• Bandwidth – Crawling pulls data from the source system that will be processed on the indexer components. This data should be transferred and this takes bandwith. In many cases, this is the bottleneck in the whole crawling process, even if the source system and crawler performs well. The more crawling process you run at the same time and the more parallel threads they have the more bandwith will be needed. Serialized crawls mean more balanced bandwith requirements.
  • Similar content sources? – At the same time, you might have similar content sources that should be treated the same. For example, if you have small file shares, you might “aggregate” them, collect into one content source, so that their crawls can be managed together. You definitely have to do a detailed inventory for this.
  • Live content vs. Archive – While “live” content changes often, archive either doesn’t change at all or changes very rarely. While “live” content has to get crawled often, archive doesn’t need incremental crawls to run very often. Remember, after the initial full crawl, content is in the index, and due to the rare changes, it can be considered pretty up-to-date. So that, if you have a system (any kind of) with both live and archive content, you’d better to split them and crawl the live content often while the archive doesn’t need any special attention after the initial full crawl.
  • Automated jobs running on the content source – There are many systems where automated jobs create or update content. In most cases, these jobs are time-scheduled, running in the late evenings or early mornings, for example. As these jobs are predictive, we have two best practices here:

It isn’t an easy decision, is it?

During the planning phase of a search project each of these points should be evaluated and the result would be something like this table:

Source system Type Amount of content Content Source(s)
X: file share 20,000,000 Marketing X:Marketing
Z: file share 15,000 Documents
Y: file share 100,000
http://intranet SharePoint site 2,000,000 Local SharePoint Content
http://extranet SharePoint site 150,000

Word Breakers in SharePoint – from version to version

Recently, I’ve got a question about file naming conventions versus Search: which characters can be really used as word breakers, eg. replacing spaces in file names (see Susan Hanley’s great post about the file naming conventions here).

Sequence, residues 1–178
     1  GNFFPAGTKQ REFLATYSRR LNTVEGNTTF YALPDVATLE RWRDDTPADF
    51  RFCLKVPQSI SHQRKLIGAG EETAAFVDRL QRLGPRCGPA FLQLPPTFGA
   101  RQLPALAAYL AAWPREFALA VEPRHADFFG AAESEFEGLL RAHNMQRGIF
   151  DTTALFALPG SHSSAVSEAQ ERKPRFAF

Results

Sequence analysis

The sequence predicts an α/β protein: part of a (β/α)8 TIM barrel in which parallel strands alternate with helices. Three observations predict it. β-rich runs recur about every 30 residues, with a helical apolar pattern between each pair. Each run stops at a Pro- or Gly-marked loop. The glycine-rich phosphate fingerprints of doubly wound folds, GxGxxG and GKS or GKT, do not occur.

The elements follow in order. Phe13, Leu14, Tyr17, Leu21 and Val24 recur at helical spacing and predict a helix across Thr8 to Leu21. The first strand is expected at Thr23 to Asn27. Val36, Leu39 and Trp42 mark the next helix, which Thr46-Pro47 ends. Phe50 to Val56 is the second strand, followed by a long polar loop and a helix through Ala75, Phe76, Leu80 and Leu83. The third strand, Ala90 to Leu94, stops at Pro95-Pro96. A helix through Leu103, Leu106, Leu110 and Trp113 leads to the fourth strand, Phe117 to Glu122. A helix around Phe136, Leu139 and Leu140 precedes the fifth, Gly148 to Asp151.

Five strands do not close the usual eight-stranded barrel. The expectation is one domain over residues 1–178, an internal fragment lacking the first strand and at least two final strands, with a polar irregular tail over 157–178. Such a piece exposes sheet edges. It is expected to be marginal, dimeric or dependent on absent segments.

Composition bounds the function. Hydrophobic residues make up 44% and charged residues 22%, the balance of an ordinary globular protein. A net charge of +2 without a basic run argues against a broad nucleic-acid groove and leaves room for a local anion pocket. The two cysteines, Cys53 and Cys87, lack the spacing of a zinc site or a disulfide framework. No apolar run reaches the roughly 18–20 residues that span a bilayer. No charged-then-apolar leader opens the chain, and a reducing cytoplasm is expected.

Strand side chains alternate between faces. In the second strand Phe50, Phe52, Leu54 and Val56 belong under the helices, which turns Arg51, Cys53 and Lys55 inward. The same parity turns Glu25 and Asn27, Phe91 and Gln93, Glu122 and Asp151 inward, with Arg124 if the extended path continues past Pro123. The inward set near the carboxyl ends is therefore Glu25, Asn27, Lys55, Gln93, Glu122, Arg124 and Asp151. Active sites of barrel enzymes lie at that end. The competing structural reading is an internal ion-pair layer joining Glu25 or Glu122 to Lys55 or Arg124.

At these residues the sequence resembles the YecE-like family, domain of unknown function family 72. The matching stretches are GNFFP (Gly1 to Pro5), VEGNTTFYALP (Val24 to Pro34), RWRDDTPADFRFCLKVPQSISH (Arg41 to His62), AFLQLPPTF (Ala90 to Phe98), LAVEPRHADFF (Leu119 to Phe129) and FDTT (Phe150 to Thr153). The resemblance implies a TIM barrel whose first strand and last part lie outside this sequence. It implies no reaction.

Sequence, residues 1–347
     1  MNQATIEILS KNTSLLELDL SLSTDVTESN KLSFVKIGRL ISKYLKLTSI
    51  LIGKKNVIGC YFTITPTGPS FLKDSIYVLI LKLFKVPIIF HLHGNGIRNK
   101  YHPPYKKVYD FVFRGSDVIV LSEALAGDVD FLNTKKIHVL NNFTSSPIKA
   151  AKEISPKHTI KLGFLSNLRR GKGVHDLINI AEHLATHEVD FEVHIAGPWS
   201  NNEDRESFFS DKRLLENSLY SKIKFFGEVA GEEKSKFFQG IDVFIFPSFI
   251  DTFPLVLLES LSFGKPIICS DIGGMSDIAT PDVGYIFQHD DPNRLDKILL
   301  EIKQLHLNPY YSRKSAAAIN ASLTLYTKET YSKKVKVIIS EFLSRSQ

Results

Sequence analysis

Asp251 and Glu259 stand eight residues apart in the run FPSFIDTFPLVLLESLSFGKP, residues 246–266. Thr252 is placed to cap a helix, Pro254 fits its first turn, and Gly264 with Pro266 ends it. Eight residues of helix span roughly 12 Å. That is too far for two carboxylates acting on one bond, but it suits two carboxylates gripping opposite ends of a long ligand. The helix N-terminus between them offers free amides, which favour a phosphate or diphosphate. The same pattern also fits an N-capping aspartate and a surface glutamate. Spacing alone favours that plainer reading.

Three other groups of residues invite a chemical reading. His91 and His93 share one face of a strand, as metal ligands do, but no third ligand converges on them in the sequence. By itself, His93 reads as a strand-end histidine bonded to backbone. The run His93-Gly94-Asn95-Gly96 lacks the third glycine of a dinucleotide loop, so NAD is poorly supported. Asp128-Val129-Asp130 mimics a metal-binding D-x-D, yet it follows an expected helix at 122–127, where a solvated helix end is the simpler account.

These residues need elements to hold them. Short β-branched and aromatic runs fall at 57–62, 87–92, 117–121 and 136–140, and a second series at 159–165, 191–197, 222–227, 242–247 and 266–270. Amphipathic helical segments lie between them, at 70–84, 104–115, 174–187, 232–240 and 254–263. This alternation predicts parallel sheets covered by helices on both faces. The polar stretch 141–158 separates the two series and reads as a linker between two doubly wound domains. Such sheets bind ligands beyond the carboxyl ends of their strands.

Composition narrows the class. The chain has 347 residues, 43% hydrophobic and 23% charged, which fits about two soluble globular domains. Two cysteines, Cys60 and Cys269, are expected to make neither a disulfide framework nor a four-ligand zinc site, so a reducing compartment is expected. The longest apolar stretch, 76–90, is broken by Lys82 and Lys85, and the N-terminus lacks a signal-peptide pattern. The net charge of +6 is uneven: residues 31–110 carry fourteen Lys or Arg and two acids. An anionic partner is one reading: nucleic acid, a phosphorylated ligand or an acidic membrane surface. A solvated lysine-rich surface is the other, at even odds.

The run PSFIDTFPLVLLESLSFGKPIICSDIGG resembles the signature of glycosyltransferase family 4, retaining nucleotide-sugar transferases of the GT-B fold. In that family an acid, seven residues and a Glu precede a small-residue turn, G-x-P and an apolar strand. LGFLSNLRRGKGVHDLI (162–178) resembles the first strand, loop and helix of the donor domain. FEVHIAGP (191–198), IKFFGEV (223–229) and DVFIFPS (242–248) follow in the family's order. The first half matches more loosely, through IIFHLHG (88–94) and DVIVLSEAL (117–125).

For example, let’s say you have a file with name “My Cool Test Document.docx”. If you store this document in a file share or upload to SharePoint and index it, you’ll be able to search for the words “cool” or “Test” or “Document”, and you’ll see this document on the result set.

Anyway, using this file name in SharePoint document libraries will give you the crazy “%20” characters in the URL (see Susan’s post, again).

If we simple eliminate the spaces and uses plain camel case in the file name (MyCoolTestDocument.docx), we won’t get the “%20″s but the search engine will not be able to separate the words.

The third option is, of course, using some other character instead of spaces, for example underscore, like My_Cool_Test_Document.docx.

Well, I have started to make some research and found that this area is not really well documented, so that I decided to make some tests by myself. I created some “lorem ipsum” documents with different names, including several special character for replacing space.

My test details:

  • SharePoint versions I tested against
    • MOSS 2007 Enterprise
    • SP 2010 Enterprise, no FAST
    • FS4SP
    • SP2013 Enterprise
    • O365
  • Content sources:
    • File share
    • SharePoint document library
  • Characters used in file names: “-“, “_”, “.”, “&”, “%”, “+”, “#”

The results are absolutely consistent with Susan’s recommendations:

  1. Content source: file share
Character MOSS 2007 SP2010 FS4SP SP2013
yes yes yes NO
_ NO yes yes yes
. yes yes yes yes
& yes yes yes yes
% yes yes yes yes
+ yes yes yes yes
# yes yes yes yes
  1. Content source: SharePoint document library
Character MOSS 2007 SP2010 FS4SP SP2013 O365
yes yes yes yes yes
_ NO yes yes yes yes
. yes yes yes yes yes
& invalid invalid invalid invalid invalid
% invalid invalid invalid invalid invalid
+ yes yes yes yes yes
# invalid invalid invalid invalid invalid

In these tables, YES means: the character works fine as a word breaker, for example:

NO means, the character does NOT work as a word breaker, the engine cannot split the words by this. For example, the character underscore “_” cannot be used as a word breaker in MOSS 2007, so that it’s better to use a different character on this, old version of SharePoint.

It’s quite interesting, that “-” is not a word breaker on SharePoint 2013 IF the content source is file share.

Invalid means it’s not allowed to use the character in file names in any SP doc library.

One more, last note for MOSS 2007: there are some issues with hit highlighting in MOSS 2007, see an example on the screenshot below:


How to check the Crawl Status of a Content Source

As you know I’m playing working with SharePoint/FAST Search a lot. I have a lot of tasks when I have to sit on the button F5 while crawling and check the status: is it started? is it still crawling? is it finished yet?…

I have to hit F5 in every minute. I’m too lazy, so decided to write a PowerShell script that does nothing but checking the crawl status of a Content Source and writes it to the console to me. And I can work on my second screen while it’s working and working and working – without touching F5.

The script is pretty easy:

$SSA = Get-SPEnterpriseSearchServiceApplication -Identity “Search Service Application” $ContentSource = $SSA | Get-SPEnterpriseSearchCrawlContentSource -Identity “My Content Source”

do {     Write-Host $ContentSource.CrawlState (Get-Date).ToString() “-” $ContentSource.SuccessCount “/” $ContentSource.WarningCount “/” $ContentSource.ErrorCount     Start-Sleep 5 } while (1)

Yes, it works fine for FAST (FS4SP) Content Sources too.

How to Schedule Crawl Start/Pause in SharePoint 2010 Search by PowerShell